Under each Big Idea are statements of Enduring Knowledge/Understandings that represent overarching generalizations linked to the Big Ideas of the arts and humanities. The understandings represent the desired results – what learning will focus upon and what knowledge students will be able to explain or apply. Understandings can be used to frame development of units of study and lesson plans.

Skills and concepts describe ways that students demonstrate their learning and are specific to each grade level. The skills and concepts for arts and humanities are fundamental to arts literacy and proficiency, and build on prior learning.

The three arts processes of creating, performing and responding to the arts provide a basis for deep understanding and appreciation of the arts. In the processes of creating and performing, a variety of technologies are employed, ranging from primitive technologies to cutting edge electronic and digital technologies.

Creating involves planning and creating new music, dance, drama/theatre or visual arts, or it may involve improvising in music, dance or drama/theatre. Improvising is the composing of new music, reciting/acting new dramatic material, or creating new dance movements on the spur of the moment.

Performing is limited to the performing arts of music, dance and drama/theatre. Performing involves presenting previously created works for an audience. Although the process of performing involves following a creative plan conceived by a composer, playwright or choreographer, there is still opportunity for creative interpretations in the performance.

Responding to the arts involves responses on multiple levels. The arts are a tool for communication and are capable of delivering meaning through literal and emotional content. Responding to the emotional content of artworks involves actually feeling the emotion(s) set forth by the creator. Responding can also involve intellectual analysis of works of art in regard to their design, effectiveness and quality.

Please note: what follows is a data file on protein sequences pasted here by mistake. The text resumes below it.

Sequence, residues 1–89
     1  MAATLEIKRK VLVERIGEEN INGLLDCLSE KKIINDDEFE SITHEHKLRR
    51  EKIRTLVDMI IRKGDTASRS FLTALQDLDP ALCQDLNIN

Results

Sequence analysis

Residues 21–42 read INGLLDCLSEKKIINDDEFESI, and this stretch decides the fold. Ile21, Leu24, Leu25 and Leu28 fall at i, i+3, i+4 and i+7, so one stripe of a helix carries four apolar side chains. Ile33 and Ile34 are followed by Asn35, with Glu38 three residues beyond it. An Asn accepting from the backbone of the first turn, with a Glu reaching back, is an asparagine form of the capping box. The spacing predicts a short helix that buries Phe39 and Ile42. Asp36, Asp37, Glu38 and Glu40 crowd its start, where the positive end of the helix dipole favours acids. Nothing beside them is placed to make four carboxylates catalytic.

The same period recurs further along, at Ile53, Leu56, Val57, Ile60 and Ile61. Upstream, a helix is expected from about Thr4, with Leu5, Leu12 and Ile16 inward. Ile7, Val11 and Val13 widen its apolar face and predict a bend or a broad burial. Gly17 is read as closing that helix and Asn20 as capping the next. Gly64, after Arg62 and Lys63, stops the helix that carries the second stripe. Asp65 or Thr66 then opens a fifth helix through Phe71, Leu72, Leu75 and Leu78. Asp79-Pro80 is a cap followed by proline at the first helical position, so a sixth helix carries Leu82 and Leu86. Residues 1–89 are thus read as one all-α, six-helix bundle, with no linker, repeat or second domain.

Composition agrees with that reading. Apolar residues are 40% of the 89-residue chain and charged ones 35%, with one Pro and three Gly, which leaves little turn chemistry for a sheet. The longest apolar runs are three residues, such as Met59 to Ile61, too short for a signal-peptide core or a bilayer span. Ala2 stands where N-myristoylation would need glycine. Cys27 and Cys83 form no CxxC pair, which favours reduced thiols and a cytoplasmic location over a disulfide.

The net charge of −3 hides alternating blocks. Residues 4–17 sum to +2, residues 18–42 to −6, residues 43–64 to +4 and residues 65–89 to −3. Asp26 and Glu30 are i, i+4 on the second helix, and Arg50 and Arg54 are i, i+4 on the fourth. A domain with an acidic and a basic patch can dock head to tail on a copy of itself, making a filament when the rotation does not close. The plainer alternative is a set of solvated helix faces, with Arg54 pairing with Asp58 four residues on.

Review process for Arts programs

In March 2009, Kentucky’s General Assembly passed Senate Bill 1. Passage of this bill established the implementation of a program review to be included as part of a new assessment and accountability model. A Program Review is

…a systematic method of analyzing components of an instructional program, including instructional practices, aligned and enacted curriculum, student work samples, formative and summative assessments, professional development and support services, and administrative support and monitoring KRS 158.6453(1)(i)

Program reviews have been written for three (3) areas: Arts & Humanities, Writing, and Practical Living and Career Studies. They will serve a number of purposes, which include

  •  improving the quality teaching and learning for all students in all programs
  • allowing equal access to all students the skills that will assist them in being productive citizens
  •  allowing student demonstration of understanding beyond a paper-and-pencil test
  •  ensuring a school-wide natural integration of the program skills across all contents, beyond the program areas

The review of a program should be an on-going, year-round, reflective process. Through careful review schools will be able to identify strengths, which can be shared with other programs within the building. A careful review will also allow for the identification of weaknesses and areas of growth. It is to a school’s advantage to communicate the program review process and documents to all staff. As staff identifies their roles in supporting school programs, they can contribute to the process of evidence identification and program improvement.

Here you will find drafts of the three (3) program reviews as well as resources that can assist schools and districts in improving their programs.